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  • Fangs of the Sea – Norman Caldwell – First Edition 1936

    Fangs of the Sea – Norman Caldwell – First Edition 1936

    An extremely rare first edition of Shark Hunter Norman Caldwell’s classic book.

    Written in conjunction with Norman Ellison. Published by Angus and Robertson, Sydney in 1936.

    Thick octavo, 282 pages, illustrated throughout with images from original photographs, diagrams of shark catching techniques, end paper maps. Missing the original dust jacket but rare as is in original green cloth covered binding, very slightly cocked, very clean inside a pretty good copy. Best obviously available currently.

    Caldwell could see money in catching sharks – his hunting ground was in Queensland between Repulse Bay and Gloucester Island taking in the Whitsundays.

    Obviously if you don’t have the appetite for shark hunting this is not the book for you. Caldwell also went after and caught “big Fish” other than sharks and Rays and massive Grouper Fish were within his aim.

    The book has taken on almost legendary status and sought after by those with a bit of Hemingway and Lee Marvin in them.

    Caldwell’s Fangs one for the game fisherman


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  • Tek Sing Shipwreck Treasure – 1822

    Tek Sing Shipwreck Treasure – 1822

    Qing Dynasty decorated bowl recovered by Mike Hatcher from the Tek Sing shipwreck. A very good completely undamaged example.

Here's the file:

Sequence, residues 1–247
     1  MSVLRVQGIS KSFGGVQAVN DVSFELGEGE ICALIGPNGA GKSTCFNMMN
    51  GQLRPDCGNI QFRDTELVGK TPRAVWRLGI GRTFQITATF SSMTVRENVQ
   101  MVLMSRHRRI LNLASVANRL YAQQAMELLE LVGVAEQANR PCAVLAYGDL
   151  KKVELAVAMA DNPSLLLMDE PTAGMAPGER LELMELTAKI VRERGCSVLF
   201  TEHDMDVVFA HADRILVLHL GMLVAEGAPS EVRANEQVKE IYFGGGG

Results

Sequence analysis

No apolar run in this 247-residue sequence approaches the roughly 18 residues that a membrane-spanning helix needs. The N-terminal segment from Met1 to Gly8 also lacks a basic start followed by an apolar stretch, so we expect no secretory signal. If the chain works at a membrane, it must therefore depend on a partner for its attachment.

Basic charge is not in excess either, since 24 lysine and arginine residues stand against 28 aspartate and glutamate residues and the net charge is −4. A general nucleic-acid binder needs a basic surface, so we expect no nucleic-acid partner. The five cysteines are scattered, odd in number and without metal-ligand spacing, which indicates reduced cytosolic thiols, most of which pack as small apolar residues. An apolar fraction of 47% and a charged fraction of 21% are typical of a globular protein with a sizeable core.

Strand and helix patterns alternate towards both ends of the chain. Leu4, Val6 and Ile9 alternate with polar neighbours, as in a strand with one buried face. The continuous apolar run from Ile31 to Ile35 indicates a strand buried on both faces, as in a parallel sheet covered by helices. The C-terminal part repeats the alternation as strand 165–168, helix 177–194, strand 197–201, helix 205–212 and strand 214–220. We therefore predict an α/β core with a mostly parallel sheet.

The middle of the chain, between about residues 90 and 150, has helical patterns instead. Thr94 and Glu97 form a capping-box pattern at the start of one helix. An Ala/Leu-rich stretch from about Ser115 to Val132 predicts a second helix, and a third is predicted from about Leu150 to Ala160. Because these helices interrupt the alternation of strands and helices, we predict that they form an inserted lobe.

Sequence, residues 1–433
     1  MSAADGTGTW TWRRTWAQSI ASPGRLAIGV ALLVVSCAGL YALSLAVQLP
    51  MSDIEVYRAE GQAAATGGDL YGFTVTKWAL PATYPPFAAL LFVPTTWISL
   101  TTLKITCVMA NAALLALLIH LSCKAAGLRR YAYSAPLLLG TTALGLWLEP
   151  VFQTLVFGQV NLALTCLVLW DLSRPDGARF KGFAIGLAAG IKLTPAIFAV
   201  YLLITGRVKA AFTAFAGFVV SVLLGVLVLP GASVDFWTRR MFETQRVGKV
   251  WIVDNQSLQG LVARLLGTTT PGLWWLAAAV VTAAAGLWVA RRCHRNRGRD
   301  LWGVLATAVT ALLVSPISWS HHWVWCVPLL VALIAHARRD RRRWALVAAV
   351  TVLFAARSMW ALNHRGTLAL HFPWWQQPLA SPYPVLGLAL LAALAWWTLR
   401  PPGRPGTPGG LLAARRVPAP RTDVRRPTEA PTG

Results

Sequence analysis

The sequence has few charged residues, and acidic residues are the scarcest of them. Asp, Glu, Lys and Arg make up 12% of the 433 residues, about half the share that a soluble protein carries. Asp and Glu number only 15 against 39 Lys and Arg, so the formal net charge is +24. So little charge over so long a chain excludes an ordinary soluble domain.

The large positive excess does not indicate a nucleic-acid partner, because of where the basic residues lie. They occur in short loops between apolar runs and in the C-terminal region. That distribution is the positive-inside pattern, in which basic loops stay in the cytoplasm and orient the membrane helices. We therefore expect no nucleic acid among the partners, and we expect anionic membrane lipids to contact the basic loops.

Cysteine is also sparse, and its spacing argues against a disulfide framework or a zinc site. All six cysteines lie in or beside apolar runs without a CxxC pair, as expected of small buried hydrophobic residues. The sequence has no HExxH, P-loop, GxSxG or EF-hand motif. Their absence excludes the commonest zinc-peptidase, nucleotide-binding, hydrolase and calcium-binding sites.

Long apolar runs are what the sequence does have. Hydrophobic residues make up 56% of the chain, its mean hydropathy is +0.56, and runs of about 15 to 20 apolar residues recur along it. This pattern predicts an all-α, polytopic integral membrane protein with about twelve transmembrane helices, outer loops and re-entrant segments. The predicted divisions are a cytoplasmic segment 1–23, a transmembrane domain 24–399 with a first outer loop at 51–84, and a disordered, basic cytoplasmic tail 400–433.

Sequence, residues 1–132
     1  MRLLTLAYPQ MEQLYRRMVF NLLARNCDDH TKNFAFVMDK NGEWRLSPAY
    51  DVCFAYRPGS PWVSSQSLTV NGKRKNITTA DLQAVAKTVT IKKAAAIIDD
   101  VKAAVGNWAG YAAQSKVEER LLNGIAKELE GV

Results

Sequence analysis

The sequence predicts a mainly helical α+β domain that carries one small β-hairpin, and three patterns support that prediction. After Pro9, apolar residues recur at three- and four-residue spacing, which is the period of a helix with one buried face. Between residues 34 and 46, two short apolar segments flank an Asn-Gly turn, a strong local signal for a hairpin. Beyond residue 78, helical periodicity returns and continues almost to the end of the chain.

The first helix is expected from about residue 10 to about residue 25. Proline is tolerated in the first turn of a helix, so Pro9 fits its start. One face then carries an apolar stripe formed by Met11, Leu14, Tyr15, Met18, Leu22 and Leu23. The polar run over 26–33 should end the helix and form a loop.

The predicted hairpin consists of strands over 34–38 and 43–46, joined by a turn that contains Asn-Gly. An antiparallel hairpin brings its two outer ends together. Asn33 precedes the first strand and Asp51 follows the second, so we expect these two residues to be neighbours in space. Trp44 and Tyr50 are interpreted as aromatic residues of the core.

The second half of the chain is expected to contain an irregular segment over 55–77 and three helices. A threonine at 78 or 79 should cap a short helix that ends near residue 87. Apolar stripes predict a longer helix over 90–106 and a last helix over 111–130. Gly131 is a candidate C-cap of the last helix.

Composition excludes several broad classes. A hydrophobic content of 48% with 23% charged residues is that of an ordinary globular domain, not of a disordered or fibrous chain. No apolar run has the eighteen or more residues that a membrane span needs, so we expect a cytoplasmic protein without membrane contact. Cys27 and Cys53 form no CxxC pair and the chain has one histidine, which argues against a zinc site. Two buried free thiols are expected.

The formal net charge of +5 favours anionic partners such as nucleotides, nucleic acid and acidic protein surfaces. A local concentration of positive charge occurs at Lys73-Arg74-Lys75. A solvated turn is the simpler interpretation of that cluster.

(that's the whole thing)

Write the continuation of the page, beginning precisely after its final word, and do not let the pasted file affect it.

Beautifully and quite intensely decorated with peony flowers to the centre and rim, the latter in decorative band. Stylised flowers under rim and a blue line circling the foot. Strong colouring.

    One of the larger bowls 15.5 cm in diameter 3.5 cm high. Retains the original Nagel auction sticker and catalogue reference underneath, which provides clear provenance.

    Price $240.00
    Bright well decorated shipwreck bowl

    The Tek Sing Shipwreck – Background

    The Tek Sing (Chinese for “Bright Star”’) was a large Chinese Junk which sank in 1822 in the South China Sea at the Belvidere Shoals. She was 50 meters long, 10 metres wide and weighed a thousand tons. Manned by a crew of 200. The great loss of life has led to the Tek Sing being referred to as the “Titanic of the East”.

    Sailing from the port of Amoy (now Xiamen), the Tek Sing was bound for Jakarta, with a cargo of porcelain goods and 1,600 Chinese immigrants. After a month of sailing, Captain Lo Tauko took a shortcut through the Gaspar Straits and ran aground on a reef and sank in 100 feet of water.